Northwest Philly gardeners leading fight to save pollinators

Posted 9/20/19

Local gardeners can help preserve bee colonies. by John Colgan-Davis The last two weeks or so here in the Delaware Valley have let us know that there is change going on: subtle, regular, change that …

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Northwest Philly gardeners leading fight to save pollinators


Local gardeners can help preserve bee colonies.

by John Colgan-Davis

The last two weeks or so here in the Delaware Valley have let us know that there is change going on: subtle, regular, change that is quietly making itself known to us. It is a predictable change that heralds the next step in the cycle that keeps us abreast of our world.

There are changes going on in the immediate world around us: colors of plants and flowers are a little duller, and some of them are starting to bend over a bit in their window boxes, pots and planters. The birds, particularly the bright yellow and black goldfinches that have been dashing about the neighborhood, are losing their brightness.

Bees and butterflies seem to be in hyperdrive, appearing more numerous and dashing determinedly from flower to flower, seemingly working overtime. Fall is in the air, and we are at another one of those wonderful spots in the year where we have the simultaneous ending of one part of the cycle and the beginning of another. And it is quietly glorious.

This year, I have been especially focusing on the bees and butterflies in my regular walks and trips around Northwest Philly. This section of the city has always had a huge number of great gardens, window boxes, planters and flowerpots. The plantings in this area make the streets and alleys gorgeous, lively and colorful. It can feel positively joyous to be out in the morning and taking in the quiet spectacle.

And the flowers and plants draw a lot of butterflies and bees that make walking the area fun and exciting. At any moment, bees and butterflies can zip past or be seen hovering over and on flowers, plants and stalks, adding color and movement to the area. They are truly a gift to the neighborhood, and I think I have noticed a great deal more of both of these insects in the neighborhood this year. That is both good and important.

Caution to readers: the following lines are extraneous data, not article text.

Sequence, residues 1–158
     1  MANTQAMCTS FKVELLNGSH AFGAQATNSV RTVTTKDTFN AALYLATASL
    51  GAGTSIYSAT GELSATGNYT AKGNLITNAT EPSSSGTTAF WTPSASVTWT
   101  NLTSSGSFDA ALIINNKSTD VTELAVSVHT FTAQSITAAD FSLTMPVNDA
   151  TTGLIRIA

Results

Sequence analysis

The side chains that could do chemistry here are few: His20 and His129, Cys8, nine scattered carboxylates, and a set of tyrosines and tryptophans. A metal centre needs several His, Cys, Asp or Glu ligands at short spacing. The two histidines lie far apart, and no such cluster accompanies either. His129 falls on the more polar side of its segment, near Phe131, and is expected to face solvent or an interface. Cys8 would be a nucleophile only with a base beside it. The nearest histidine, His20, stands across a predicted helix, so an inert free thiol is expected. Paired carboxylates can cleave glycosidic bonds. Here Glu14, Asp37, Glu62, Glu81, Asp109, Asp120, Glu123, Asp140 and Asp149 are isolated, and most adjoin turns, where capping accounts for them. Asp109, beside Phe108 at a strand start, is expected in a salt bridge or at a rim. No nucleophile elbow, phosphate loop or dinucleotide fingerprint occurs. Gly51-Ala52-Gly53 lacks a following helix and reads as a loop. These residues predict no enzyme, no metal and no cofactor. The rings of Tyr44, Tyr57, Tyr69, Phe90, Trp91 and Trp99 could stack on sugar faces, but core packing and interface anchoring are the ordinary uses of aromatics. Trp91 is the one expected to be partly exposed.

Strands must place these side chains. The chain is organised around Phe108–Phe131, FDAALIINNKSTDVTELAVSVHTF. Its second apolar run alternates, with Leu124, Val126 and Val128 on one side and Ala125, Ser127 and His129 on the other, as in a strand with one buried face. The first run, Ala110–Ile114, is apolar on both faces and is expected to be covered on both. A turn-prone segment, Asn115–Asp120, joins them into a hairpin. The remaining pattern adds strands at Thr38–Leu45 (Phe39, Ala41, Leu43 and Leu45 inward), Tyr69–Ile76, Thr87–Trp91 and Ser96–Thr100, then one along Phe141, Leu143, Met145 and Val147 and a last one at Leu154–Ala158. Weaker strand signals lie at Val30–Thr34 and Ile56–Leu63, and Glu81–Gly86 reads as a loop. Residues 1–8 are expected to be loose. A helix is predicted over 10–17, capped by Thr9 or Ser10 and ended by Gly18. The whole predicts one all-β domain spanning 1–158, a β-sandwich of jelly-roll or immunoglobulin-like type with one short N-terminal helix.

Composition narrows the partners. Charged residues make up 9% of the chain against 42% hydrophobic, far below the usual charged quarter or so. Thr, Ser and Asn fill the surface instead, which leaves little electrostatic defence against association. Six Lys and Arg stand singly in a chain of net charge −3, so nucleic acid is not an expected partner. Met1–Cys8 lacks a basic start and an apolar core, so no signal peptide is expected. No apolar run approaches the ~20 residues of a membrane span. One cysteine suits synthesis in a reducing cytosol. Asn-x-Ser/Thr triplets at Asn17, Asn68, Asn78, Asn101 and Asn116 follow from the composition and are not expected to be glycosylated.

These two creatures have been in the news a lot recently, as environmentalists, entomologists, gardeners, beekeepers and more have been sounding warnings about the drastic declines in their numbers over the last few decades. There are some 4,000 species of bees native to the U.S., and according to some estimates, about 700 of those species are near extinction.

Butterfly numbers have also been dropping dramatically, with the United Nations estimating that 9% of butterfly species worldwide are at risk of extinction. We are losing many of these wonderful creatures, and this is not just an aesthetic loss. Not only are they fascinating to watch and beautiful to see, they are also a vital part of our economic well-being.

Bees and butterflies are pollinators, and as such, they contribute mightily to the diversity and amount of our food supply. Honeybee pollination, for example, is said to add about $15 billion annually to our agriculture production. That is an important part of our economy. Clearly, they play a big role in our lives. If they are at serious risk, then so are we.

The most severe threats to these species are believed to be loss of habitat due to development and the use of herbicides, particularly chemicals found in common weed killers such as Roundup. For years there have been court cases, lawsuits, attempts at legislation and more to address these fears, and that is happening now in the political arena.

Fear of losing pollinators is one of the reasons for the upsurge in organic gardening. Citizens seem to be planting not only for beauty now. I have noticed that a lot more gardeners in Germantown, Mt. Airy and Chestnut Hill have been planting more milkweed, sunflowers, bee balm, monarda, hyacinths and other pollinator-attracting flowers and plants in recent years.

This section of Philadelphia has a number of beekeepers and honey makers living and working in it. It also features a large number of organic, community and personal gardens. Planting native species is also a big ethic among a lot of the gardeners here, and that is also a part of the Fairmount Park plan for caring for the Wissahickon Creek.

Hopefully this movement can continue to grow and spread throughout the city, state and nation. I still want to see those butterflies and bees in my garden and in gardens around the world. If you are interested in learning more about pollinators, visit the National Wildlife Federation's website for more information.

John Colgan-Davis is a longtime Mt. Airy resident, retired public school teacher and harmonica player for the Dukes of Destiny.